‘Every arm that can be vaccinated should be,’ a spokesman for the family doctors’ association LHV said. ‘It is not the normal way of doing things but at a time of scarcity we don’t want any wastage.’

Side effects

The decision to again halt the use of the AstraZeneca vaccine follows a report by side effects monitoring group Lareb on Friday, which said that one Dutch woman has died after being given the jab. No link has yet been shown between her symptoms and the jab.

The woman had a lung embolism and a cerebral haemorrhage, Lareb said. In total, Lareb has had five reports of thrombosis seven to 10 days after the AstraZeneca injection, all involving women aged 25 to 65.

In total, some 400,000 people were given the AstraZeneca vaccine during the period the problems were reported. The Netherlands also stopped using the vaccine for a period last month when there were earlier concerns about thrombosis, but started using it again when the European Medicines Agency said the vaccine is both safe and effective.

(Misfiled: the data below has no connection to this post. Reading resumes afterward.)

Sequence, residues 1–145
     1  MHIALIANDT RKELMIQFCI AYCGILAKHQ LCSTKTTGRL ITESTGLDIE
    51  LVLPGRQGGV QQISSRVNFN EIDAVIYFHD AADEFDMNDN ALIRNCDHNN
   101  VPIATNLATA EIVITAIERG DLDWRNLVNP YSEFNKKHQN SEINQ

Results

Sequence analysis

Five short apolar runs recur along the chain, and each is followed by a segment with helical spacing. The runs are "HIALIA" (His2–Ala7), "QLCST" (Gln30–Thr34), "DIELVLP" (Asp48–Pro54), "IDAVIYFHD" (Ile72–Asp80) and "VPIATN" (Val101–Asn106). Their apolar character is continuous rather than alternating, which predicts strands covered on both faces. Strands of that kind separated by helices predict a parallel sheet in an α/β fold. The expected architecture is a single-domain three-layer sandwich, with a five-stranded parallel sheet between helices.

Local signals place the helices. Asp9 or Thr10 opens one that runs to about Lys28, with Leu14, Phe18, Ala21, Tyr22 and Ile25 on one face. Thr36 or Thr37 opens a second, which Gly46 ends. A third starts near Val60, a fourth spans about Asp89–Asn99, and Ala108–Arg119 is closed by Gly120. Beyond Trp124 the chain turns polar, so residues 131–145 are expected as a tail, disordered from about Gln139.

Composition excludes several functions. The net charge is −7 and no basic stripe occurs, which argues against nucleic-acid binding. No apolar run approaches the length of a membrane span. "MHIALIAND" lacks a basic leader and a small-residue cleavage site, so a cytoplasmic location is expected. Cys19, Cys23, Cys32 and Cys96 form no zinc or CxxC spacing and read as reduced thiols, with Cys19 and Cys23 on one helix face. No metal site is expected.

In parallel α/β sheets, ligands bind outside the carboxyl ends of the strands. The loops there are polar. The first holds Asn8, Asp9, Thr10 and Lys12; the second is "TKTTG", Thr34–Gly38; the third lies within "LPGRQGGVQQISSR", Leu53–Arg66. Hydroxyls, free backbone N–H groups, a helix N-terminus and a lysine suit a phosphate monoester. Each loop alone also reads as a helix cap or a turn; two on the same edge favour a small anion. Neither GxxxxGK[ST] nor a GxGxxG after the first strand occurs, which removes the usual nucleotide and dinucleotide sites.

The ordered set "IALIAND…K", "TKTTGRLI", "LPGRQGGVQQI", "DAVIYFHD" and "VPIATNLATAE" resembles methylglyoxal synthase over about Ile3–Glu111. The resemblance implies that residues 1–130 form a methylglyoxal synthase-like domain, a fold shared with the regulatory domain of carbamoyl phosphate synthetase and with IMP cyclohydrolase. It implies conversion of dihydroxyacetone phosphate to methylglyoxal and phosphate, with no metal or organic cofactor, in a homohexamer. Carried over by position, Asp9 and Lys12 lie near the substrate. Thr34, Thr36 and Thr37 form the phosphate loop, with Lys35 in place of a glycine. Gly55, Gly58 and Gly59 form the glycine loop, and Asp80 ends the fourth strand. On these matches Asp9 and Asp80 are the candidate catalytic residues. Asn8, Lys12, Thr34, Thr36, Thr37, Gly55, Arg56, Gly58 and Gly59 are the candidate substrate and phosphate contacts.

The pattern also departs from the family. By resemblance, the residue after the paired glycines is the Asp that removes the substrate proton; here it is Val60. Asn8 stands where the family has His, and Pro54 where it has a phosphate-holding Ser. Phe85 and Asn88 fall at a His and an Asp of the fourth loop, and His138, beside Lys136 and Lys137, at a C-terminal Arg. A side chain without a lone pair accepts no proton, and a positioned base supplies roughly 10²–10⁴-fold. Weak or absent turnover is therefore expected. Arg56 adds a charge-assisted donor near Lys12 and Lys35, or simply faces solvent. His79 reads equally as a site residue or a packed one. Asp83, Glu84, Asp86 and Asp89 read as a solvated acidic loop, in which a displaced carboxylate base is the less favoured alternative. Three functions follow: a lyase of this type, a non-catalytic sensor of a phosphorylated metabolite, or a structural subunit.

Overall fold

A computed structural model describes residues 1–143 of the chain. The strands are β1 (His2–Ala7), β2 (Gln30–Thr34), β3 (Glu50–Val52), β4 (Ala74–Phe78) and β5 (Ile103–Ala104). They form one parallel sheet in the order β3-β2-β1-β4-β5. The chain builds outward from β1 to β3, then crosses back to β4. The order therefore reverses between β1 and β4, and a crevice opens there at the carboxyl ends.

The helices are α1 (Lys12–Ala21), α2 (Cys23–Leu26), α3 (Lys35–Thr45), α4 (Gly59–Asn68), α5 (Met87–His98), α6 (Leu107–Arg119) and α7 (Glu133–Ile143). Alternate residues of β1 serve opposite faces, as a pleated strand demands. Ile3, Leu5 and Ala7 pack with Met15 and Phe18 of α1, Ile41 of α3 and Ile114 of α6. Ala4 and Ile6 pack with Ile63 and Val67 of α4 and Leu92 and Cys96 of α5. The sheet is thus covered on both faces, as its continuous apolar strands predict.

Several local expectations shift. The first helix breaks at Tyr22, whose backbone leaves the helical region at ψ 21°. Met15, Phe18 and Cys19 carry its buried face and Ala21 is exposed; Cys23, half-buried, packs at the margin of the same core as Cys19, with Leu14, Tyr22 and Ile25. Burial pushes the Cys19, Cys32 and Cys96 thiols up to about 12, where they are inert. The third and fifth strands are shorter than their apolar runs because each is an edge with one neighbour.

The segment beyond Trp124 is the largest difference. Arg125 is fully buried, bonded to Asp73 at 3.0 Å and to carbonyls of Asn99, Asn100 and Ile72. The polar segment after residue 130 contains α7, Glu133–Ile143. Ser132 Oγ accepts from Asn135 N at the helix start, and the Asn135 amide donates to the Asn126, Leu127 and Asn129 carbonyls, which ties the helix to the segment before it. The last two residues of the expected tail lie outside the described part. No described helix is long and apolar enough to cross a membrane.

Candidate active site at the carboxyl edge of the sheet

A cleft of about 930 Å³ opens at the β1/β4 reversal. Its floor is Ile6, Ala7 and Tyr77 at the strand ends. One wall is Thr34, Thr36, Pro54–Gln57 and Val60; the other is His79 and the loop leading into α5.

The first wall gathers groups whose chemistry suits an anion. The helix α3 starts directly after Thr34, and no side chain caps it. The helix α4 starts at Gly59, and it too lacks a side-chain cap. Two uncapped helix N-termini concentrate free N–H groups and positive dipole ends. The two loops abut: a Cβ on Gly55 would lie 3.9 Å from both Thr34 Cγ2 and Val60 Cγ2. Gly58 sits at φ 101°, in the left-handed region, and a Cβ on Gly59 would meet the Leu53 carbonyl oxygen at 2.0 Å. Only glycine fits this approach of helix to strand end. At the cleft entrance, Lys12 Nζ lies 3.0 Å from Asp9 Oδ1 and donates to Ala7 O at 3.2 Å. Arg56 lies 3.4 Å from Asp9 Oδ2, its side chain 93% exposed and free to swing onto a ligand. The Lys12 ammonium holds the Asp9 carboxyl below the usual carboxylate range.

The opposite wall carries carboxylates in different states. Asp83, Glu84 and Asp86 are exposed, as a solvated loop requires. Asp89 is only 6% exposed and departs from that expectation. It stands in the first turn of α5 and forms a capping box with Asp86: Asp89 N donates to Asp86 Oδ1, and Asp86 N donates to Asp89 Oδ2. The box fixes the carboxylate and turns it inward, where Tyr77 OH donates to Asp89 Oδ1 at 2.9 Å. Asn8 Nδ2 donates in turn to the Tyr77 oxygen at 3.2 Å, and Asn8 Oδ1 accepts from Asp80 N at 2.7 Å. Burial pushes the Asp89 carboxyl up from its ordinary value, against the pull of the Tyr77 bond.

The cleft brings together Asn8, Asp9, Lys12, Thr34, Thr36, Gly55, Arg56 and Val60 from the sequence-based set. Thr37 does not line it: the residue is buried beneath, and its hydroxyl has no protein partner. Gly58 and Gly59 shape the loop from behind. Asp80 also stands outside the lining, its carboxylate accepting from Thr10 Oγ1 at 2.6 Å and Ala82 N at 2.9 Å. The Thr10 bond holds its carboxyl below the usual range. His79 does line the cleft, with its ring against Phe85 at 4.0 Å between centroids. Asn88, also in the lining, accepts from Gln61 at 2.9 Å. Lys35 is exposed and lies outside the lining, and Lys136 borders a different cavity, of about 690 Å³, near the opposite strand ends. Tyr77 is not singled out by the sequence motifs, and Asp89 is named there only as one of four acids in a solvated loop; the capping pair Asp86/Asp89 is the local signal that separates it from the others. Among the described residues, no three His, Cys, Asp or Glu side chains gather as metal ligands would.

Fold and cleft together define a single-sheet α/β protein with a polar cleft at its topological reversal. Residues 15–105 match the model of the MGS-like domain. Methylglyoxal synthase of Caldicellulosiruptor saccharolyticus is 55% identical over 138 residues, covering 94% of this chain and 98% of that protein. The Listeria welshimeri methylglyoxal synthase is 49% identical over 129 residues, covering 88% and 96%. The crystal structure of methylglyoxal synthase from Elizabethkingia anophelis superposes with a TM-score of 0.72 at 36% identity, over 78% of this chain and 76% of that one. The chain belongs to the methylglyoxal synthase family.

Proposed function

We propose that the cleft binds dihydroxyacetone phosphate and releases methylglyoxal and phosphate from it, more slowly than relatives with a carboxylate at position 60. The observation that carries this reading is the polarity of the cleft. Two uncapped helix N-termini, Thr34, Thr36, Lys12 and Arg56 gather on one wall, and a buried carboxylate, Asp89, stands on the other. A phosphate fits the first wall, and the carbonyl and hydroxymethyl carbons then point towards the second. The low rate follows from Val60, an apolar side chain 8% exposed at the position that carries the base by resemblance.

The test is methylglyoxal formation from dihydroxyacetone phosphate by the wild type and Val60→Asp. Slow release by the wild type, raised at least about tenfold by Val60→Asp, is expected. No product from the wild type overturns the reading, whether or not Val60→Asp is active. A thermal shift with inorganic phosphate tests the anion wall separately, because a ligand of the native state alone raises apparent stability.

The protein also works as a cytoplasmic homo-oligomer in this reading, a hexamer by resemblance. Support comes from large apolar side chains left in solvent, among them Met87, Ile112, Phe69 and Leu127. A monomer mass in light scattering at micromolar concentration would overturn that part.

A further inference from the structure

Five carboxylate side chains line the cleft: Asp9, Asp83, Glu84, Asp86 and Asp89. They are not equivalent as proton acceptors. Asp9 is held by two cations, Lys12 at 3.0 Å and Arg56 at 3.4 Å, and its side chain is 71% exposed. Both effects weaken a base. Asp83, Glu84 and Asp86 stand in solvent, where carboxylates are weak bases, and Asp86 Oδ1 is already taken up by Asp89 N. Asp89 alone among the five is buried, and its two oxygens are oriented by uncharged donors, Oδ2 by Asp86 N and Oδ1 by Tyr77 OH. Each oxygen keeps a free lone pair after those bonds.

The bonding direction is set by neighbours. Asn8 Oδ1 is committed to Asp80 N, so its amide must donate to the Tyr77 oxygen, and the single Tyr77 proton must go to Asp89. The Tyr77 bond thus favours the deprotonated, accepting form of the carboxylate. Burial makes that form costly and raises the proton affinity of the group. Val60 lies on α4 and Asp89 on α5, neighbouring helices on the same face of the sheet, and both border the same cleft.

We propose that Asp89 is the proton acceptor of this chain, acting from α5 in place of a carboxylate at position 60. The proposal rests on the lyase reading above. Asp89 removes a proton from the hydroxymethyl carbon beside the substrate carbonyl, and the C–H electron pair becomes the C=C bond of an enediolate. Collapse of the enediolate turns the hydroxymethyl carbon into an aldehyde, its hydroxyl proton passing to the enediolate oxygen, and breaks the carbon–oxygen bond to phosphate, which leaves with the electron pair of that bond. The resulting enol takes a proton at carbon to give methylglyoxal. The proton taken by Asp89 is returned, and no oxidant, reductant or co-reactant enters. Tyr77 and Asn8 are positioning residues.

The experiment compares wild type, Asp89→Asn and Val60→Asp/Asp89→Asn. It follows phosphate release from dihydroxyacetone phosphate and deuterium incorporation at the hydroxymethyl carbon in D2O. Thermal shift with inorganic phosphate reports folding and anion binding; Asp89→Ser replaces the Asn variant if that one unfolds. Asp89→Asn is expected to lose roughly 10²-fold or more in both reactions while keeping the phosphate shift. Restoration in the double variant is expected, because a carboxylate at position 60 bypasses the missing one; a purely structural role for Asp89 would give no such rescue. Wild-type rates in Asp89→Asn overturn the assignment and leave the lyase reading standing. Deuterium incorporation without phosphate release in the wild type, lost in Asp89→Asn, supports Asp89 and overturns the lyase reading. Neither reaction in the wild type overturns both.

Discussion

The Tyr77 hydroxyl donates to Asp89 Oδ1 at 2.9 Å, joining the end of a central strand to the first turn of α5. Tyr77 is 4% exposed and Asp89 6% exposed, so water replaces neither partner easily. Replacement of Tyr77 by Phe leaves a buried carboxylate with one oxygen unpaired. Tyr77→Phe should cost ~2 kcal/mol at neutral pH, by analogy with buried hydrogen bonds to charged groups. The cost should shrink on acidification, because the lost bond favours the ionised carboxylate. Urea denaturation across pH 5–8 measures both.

The decision to suspend use of the vaccine is a further blow to the Dutch vaccination campaign which is running behind schedule. The health ministry estimates that 2.6 million doses of vaccine have now been administered since the campaign started in January.

Some 13.3 million people in the Netherlands are eligible to be vaccinated. Health minister Hugo de Jonge has said every adult in the country who wants to be vaccinated will have had at least one dose by the beginning of July.


Subscribe to this RSS feed

Soualiga Radio